While some of us had an idea this was happening, there were others who have proven it, but for a senior software engineer at Google to confirm the anti-conservative bias at the entity and to have that further expanded on by also saying there is an all-out campaign in the company to ban conservative voices, is not only a great validation of the research many have done, but it is also infuriating.
Alon Altman, the engineer in question, also pressured Google to use the “full economic force [of] Google for good” by sabotaging President Trump’s Android phone and delete his accounts on the grounds of “abuse”. Altman, who is still working for the progressive company, was pushing for Google to blacklist “alt-right” websites on the ad network and to take down all “alt-right videos” from YouTube as well as the take down of the Daily Stormer.
In an example of cognitive dissonance, if you type “diversity.google” into the search engine, you get the following statement:
” Google should be a place where people from different backgrounds and experiences come to do their best work–a place where every Googler feels they belong. The truth is that we’re not there yet. We know diversity and inclusion are values critical to our success and future innovation. We also know challenging bias–inside and outside our walls–is the right thing to do. That’s why we continue to support efforts that fuel our commitments to progress. These commitments require us to look at bias through a wider lens: at Google, in the industry, and in society. And while progress will take time, our actions today will determine who we are in the future.”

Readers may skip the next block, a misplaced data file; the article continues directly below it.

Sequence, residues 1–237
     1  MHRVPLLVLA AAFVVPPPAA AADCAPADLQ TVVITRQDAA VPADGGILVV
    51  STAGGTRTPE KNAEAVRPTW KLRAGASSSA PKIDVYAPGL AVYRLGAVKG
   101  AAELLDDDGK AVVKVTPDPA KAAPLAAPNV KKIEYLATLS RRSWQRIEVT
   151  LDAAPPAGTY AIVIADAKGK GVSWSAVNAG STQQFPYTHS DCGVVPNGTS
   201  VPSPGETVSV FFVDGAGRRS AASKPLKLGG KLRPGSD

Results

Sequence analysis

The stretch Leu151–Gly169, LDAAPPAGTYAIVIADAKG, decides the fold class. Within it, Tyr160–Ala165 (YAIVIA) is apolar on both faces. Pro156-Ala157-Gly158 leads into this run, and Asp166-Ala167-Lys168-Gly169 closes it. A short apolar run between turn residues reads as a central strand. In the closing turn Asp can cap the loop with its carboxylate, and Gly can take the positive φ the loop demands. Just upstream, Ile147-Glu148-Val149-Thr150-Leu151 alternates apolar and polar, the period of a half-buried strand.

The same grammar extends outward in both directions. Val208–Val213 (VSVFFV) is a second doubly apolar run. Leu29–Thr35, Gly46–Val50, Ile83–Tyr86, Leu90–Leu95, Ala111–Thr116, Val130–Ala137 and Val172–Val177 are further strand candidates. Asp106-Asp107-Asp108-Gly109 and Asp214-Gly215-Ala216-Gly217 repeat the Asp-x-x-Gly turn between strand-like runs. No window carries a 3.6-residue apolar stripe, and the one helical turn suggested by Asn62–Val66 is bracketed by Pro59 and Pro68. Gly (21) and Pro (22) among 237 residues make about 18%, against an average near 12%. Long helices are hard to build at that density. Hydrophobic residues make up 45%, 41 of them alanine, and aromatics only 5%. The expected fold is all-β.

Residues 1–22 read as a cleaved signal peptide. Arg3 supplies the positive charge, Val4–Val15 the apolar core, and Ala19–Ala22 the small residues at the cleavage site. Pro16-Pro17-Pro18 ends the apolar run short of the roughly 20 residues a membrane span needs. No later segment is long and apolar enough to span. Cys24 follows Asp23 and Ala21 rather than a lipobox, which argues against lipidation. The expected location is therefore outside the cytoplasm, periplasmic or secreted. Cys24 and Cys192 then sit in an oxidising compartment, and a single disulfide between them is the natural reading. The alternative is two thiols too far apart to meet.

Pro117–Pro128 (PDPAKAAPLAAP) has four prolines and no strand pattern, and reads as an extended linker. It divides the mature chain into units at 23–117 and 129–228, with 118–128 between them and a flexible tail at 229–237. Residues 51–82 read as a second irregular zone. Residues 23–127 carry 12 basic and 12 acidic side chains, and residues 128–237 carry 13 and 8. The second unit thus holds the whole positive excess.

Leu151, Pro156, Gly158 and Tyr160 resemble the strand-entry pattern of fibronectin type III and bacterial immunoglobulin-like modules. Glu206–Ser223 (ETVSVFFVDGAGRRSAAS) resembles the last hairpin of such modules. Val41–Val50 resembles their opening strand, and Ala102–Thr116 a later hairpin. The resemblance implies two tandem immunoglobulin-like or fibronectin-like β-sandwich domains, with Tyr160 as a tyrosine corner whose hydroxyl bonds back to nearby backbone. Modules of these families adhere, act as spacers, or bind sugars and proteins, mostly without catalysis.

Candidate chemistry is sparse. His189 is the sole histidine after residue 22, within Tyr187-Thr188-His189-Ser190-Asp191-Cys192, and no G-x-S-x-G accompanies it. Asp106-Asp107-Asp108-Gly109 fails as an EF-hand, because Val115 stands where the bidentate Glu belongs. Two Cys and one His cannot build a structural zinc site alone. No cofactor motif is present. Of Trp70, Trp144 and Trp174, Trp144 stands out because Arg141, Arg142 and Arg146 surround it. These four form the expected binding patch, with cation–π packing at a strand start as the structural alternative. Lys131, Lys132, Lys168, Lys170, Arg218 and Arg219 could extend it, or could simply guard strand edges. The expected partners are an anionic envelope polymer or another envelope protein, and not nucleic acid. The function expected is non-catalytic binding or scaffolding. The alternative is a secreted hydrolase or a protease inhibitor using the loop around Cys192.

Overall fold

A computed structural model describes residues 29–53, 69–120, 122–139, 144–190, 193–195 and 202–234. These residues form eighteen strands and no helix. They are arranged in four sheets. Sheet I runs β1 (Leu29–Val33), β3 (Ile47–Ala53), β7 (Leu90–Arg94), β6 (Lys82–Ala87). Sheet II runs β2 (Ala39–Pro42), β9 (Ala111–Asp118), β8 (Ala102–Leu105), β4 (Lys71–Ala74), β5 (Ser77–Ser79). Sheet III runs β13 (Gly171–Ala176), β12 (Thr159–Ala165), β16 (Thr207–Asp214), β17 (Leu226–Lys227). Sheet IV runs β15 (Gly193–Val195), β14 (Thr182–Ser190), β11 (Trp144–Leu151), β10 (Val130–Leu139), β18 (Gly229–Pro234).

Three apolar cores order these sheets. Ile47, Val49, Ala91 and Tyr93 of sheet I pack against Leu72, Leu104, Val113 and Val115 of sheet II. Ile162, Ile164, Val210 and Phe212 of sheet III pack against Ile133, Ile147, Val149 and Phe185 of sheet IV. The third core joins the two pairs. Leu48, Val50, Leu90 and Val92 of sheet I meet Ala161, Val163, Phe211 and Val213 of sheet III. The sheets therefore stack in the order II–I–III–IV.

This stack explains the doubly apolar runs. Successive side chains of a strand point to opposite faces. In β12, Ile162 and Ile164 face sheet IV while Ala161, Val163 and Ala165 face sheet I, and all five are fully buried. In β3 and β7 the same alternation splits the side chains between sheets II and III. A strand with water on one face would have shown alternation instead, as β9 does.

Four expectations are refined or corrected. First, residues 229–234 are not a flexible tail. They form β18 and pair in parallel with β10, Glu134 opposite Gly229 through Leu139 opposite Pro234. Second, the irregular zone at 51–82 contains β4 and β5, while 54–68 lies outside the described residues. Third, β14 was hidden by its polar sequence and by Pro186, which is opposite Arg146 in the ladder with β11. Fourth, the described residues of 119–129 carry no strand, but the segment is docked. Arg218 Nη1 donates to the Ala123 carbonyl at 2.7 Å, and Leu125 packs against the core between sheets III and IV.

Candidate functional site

There are those who would argue that Altman is but one in a sea of many employees, but when you take into consideration another employee getting fired for a scree which touted biological differences between men and women, and other conservatives in the company too afraid to speak their view while under Google’s roof and on the company’s clock, it’s just further proof, no matter how much they claim to be progressive, the continue to prove the opposite.
North Korea Demolishes Testing Site
A series of explosions over several hours in front of journalists in North Korea as the government who demolished it’s nuclear test site, Punggye-ri. The demolition took place deep in the mountain and centered on three tunnels of the underground site as well as a smattering of buildings in the area. The closing of the site was already planned and announced by Kim Jong Un ahead of the summit.